God, I'd love 2 acres. I'd love more - 20 acres. Keep most of it natural and just put a walking path through it.
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You know because my girlfirend lives in Monroe, LA she deserves nothing less than a 15,000 square foor mansion. See my new post asking about the Richardsonian Romanesque style house since my dream is to build her (&me) a huge tornado proof mansion if I ever become rich enough. But all of your ideas are good though.
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Cat-5 Hurricane winds start at 155mph. Tornados start at around 200mph, and a Cat-5 tornado has wind speeds in excess of 300mph.
Wind loads appear to be calculated according to the formula PSF=(mph^2)/250, or thereabouts.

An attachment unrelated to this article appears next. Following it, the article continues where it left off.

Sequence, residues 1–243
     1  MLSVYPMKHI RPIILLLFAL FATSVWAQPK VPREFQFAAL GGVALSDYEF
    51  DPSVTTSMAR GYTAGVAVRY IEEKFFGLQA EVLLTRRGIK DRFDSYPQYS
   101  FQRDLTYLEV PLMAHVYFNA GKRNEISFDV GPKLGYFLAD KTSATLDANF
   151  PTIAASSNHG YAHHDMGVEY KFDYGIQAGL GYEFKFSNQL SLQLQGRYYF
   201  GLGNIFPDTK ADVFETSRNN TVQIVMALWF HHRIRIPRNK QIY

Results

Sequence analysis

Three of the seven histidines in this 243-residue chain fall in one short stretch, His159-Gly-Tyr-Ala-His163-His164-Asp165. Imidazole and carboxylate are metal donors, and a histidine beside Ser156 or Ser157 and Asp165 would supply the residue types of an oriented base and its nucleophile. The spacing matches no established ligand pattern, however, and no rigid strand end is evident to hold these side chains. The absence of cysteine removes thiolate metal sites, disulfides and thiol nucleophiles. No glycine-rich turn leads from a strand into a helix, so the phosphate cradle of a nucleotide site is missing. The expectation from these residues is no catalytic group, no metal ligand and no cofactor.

So for a worst-case hurricane, you have to design for side-loads (and uplift) of 160PSF, whereas for tornadoes, its around 360PSF. For comparison, the floor of your house is typically designed for around 60PSF. (Of course the limit for the floor is acceptable deflection, rather than yield strength, so if you built your house so that any face could be the floor, you'd probably be OK in the hurricane.)
The good news is, if you can manage this, floodwaters should be trivial, at least in terms of mechanical damage.
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A boat on a foundation. It would break away and float in the event that the water got too high. Or one on pilings high enough to withstand Katrina.

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Steve wrote:

Have you ever seen a boat on the water, during a hurricane.
Apparently, not.
Notan
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Steve (in snipped-for-privacy@corp.supernews.com) said:
| A boat on a foundation. It would break away and float in the event | that the water got too high. Or one on pilings high enough to | withstand Katrina
You mean like one of those big casino boats?